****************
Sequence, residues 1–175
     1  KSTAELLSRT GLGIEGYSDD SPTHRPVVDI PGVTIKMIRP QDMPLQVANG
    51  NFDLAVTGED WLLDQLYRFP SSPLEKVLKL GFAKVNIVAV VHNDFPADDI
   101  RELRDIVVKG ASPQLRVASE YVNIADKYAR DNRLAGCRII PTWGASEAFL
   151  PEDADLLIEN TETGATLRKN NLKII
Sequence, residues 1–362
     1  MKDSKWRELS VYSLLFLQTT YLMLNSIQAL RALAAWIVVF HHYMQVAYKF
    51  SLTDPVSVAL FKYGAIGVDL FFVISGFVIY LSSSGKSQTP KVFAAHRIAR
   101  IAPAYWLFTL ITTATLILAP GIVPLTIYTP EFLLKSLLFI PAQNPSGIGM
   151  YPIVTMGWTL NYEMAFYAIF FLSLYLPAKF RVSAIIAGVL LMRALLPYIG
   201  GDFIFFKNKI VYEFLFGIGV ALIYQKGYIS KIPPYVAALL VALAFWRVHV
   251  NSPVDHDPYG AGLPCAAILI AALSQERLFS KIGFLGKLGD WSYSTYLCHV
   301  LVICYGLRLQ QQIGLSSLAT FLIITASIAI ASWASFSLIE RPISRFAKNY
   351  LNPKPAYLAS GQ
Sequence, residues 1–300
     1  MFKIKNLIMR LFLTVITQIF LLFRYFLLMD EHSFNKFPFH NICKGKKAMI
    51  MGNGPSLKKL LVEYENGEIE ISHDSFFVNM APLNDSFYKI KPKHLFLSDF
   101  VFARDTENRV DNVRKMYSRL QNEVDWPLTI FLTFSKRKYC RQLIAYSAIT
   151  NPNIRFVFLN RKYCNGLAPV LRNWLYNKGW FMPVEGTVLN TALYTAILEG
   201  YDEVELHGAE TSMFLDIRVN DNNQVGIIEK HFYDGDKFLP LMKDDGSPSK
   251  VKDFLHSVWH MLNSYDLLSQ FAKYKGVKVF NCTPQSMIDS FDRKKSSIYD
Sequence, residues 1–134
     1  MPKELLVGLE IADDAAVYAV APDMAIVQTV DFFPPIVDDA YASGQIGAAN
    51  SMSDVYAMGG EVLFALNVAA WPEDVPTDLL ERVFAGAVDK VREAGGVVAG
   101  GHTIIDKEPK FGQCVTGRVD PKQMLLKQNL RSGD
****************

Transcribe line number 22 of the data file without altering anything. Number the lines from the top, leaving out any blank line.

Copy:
Sequence, residues 1–134